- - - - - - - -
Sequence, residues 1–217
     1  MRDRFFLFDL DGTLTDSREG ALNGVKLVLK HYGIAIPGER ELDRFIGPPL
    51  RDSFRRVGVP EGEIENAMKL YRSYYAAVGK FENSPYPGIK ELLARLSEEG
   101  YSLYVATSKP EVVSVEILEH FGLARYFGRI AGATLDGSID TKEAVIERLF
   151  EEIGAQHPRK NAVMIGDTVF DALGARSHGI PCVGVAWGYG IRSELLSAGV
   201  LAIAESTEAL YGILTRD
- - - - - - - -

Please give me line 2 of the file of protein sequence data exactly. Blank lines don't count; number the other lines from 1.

     1  MRDRFFLFDL DGTLTDSREG ALNGVKLVLK HYGIAIPGER ELDRFIGPPL